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Developing Self-Control

2 Peter 1:6

In all of my years of pastoral ministry, I would say that the presence or absence of self-control is one of the most determinative factors in whether a person will do well or have serious problems in his Christian life. It affects:

 

*A consistent quiet time (Bible reading, prayer, Scripture memory).

*How you manage your time (with work, family, being on time, scheduling of priorities, TV, etc.).

*Your stewardship of money.

*Your ability to overcome temptation.

*Your development of godly character qualities (1 Tim. 4:7).

*Controlling your temper and your tongue.

*Controlling your health (proper diet and exercise)

 

The word comes from a root word meaning power or lordship, thus expressing the power or lordship which one has either over oneself or over something (TDNT, 2:339). Philo describes it as superiority to every desire (ibid., 341). This is not (in the Bible) asceticism, but rather the discipline that frees us from bondage to sin and lust.

Noun:

 

Titus 1:8—Used of elders.

Acts 24:25—Paul discussing with Felix righteousness, self-control, and the judgment to come.

Gal. 5:23—fruit of Holy Spirit.

2 Pet. 1:6—an essential in Christian growth.

 

Verb:

 

Gen. 43:31—Joseph controlling his emotions before his brothers

1 Sam. 13:12—Saul used it to say that he “forced himself” to offer the sacrifice.

Esther 5:10—Haman controlled his anger.

1 Cor. 7:9—Self-control over lust.

1 Cor. 9:25—Athletes exercising self-control in all things to obtain a wreath.

 

How does one develop this quality?

  1. A daily walk in dependence on the power of the Holy Spirit (Gal. 5:16-23).
  2. Setting biblical goals out of the desire to please the Lord with my life (1 Cor. 9:23-27; 1 Tim. 4:7).

 

In many of the biblical uses of the word, the person is overruling his emotions because of a higher goal. Thus to exercise self-control means that you must go against your feelings because you want to please and honor God with all of your life.

 

  • These goals should be determined from Scripture (biblical character qualities and activities).
  • These goals will vary from person to person, depending on the areas in which the person struggles (see Spiritual Diagnostic sheet for an inventory).

What discipline is and is not:

  1. Discipline is an ongoing process, not a quick fix. Like staying in shape, the day you quit, you regress.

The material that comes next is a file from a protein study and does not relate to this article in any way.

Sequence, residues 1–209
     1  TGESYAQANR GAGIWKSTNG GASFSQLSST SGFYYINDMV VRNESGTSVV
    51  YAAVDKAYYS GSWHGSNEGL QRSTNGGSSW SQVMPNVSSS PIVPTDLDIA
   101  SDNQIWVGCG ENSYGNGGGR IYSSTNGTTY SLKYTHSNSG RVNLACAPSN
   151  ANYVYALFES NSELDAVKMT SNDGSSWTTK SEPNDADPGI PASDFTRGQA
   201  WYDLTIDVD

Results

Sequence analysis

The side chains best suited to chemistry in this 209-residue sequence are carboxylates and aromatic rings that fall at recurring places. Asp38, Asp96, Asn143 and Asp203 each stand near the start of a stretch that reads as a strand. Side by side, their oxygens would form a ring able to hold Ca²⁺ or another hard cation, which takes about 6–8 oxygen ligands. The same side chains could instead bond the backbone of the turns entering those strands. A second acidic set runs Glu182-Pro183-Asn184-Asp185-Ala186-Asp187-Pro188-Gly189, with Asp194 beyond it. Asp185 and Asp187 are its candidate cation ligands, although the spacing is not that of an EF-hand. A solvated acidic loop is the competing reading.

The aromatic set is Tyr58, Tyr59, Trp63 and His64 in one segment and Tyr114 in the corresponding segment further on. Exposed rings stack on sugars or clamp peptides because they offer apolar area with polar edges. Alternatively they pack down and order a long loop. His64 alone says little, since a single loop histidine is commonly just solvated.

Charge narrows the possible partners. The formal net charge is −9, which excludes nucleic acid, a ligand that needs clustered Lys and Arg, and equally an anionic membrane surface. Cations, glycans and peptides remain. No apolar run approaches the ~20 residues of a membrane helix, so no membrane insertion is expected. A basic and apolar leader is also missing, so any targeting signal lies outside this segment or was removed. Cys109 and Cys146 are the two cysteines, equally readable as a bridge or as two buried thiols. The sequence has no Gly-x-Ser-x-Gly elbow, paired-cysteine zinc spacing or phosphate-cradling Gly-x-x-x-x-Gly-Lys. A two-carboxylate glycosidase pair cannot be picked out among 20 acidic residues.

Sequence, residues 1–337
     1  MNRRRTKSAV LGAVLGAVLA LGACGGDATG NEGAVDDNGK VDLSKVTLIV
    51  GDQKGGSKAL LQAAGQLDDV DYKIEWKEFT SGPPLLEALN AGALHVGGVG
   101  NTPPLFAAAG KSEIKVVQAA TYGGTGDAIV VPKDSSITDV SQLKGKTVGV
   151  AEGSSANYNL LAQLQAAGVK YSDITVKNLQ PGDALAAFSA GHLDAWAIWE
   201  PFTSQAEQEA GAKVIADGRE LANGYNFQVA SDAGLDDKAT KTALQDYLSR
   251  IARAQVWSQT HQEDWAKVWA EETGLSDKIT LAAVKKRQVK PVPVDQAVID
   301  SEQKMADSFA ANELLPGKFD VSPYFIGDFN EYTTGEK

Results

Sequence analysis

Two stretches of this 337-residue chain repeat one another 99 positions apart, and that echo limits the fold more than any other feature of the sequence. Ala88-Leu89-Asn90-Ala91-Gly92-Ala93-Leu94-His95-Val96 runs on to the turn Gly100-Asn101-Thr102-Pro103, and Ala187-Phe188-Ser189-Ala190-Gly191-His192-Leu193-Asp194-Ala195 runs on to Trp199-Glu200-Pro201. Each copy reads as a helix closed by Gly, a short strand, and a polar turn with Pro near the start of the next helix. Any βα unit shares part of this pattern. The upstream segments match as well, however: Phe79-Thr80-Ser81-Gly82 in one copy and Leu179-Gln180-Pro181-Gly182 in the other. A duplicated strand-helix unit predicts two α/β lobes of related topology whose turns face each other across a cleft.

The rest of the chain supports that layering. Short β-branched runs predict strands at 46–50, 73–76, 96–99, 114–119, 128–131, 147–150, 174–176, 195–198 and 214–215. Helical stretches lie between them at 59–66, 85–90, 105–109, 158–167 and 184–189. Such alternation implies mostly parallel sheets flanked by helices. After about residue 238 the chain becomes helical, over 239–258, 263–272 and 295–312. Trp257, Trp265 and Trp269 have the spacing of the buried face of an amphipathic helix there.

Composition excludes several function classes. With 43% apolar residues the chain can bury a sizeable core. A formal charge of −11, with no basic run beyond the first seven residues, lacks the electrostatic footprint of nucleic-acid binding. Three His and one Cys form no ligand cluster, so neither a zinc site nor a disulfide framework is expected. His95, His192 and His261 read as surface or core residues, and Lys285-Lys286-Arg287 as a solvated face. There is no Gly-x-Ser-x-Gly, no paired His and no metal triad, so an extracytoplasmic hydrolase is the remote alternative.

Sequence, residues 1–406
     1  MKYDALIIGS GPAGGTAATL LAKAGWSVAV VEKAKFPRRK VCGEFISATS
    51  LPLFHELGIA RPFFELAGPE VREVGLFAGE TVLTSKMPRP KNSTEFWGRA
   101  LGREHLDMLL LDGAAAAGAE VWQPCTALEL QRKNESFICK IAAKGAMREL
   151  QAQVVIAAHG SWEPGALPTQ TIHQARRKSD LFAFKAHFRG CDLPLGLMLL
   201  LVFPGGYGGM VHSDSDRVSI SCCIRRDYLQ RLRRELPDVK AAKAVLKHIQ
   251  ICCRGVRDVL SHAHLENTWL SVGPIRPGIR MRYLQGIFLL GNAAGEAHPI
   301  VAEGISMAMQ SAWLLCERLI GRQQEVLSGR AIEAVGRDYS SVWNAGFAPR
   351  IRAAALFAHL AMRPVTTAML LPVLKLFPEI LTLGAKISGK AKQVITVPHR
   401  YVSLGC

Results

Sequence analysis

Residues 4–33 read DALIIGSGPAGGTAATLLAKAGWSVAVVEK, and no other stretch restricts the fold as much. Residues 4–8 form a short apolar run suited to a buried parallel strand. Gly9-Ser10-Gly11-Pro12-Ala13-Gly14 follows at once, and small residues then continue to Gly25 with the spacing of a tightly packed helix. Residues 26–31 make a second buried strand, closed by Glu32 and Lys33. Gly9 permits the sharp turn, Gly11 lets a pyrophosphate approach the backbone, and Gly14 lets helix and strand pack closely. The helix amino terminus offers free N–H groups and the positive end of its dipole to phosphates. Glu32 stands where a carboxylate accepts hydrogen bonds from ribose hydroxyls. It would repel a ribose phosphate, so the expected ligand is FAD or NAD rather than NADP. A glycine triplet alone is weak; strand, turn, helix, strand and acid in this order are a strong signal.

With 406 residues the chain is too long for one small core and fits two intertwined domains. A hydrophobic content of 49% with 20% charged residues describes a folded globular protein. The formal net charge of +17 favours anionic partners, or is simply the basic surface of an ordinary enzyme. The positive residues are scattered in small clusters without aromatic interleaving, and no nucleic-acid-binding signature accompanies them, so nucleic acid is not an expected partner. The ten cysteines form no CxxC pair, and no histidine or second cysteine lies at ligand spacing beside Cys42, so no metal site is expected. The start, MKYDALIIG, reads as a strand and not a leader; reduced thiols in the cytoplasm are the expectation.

2. Discipline involves hard work. It doesn’t come naturally. By definition, it means acting against your feelings because you have a higher goal. Both you and God must be involved.
  3. Discipline means discarding hindrances. Like an athlete, you get rid of anything in your life that hinders you from reaching your goal.
  4. Discipline means keeping your eyes on the goal: godliness. Thought, attitudes, words, actions.
  5. Discipline means managing your time in line with your goals. Making time daily to spend alone with God.
  6. Discipline is not opposed to the grace of God. Motive is crucial. If your motive is to take pride in how spiritual you are because you had your quiet time, that is legalistic. If your motive is to love and please God, that is not legalistic. Grace does not mean sloppy living.
  7. Discipline is not driving yourself relentlessly. God rested on the seventh day. He made our bodies to require rest and recreation.
  8. Discipline is not being so rigid that you are insensitive to what God is doing. His providence should overrule our rigidity. Jesus always had time for interruptions.

Time Management, Personal Goals

Pastor Steven J. Cole

Some helpful books:

 

  1. Spiritual Disciplines of the Christian Life, by Donald Whitney [[NavPress, 1991]. Great book for personal growth and for working with other men.
  2. Ten Questions to Diagnose Your Spiritual Health, by Donald Whitney [NavPress, 2001]. Short, helpful treatment of areas where it’s easy to drift.
  3. Strategy for Living, by Edward R. Dayton & Ted W. Engstrom [G/L Regal Books, 1976]. A clear, helpful book. The main points:

    *How we live our life is determined by our goals.

    *What goals we choose are determined by our priorities.

    *Whether we reach our goals is determined by our planning.

    *A strategy for living needs good goals, Christian priorities, effective plans.

    *It is in the living that we find better goals, higher priorities, more effective plans.

    *The strategy is a process: Goals, priorities, planning, living.

     

  4. Ordering Your Private World, by Gordon MacDonald [Oliver Nelson, 1984]. A pastor’s perspectives on motivation; the use of time; wisdom and knowledge; spiritual strength; and, restoration. I read this in 1985 and probably should reread it.
  5. First Things First, by Stephen R. Covey, A. Roger Merrill, & Rebecca A. Merrill [Fireside/ Simon & Schuster, 1994]. The authors are Mormons, not evangelical Christians, and so you must read it discerningly. Covey is the author of the popular The 7 Habits of Highly Effective People. See following pages for some helpful quotes from the book.

Priority Questions:

  1. What is the best use of my time right now?
  2. How urgent is it?
  3. How important is it?
  4. How often must it be done?
  5. Can someone else do it more effectively than I?
  6. Is it part of the larger task to which I am committed?
  7. What will happen if it is not done at all?
  8. Is this the best way?

Every once in a while, ask yourself these four questions:

 

  1. What are we doing?
  2. What should we be doing?
  3. What should we be doing next?
  4. What should we not be doing?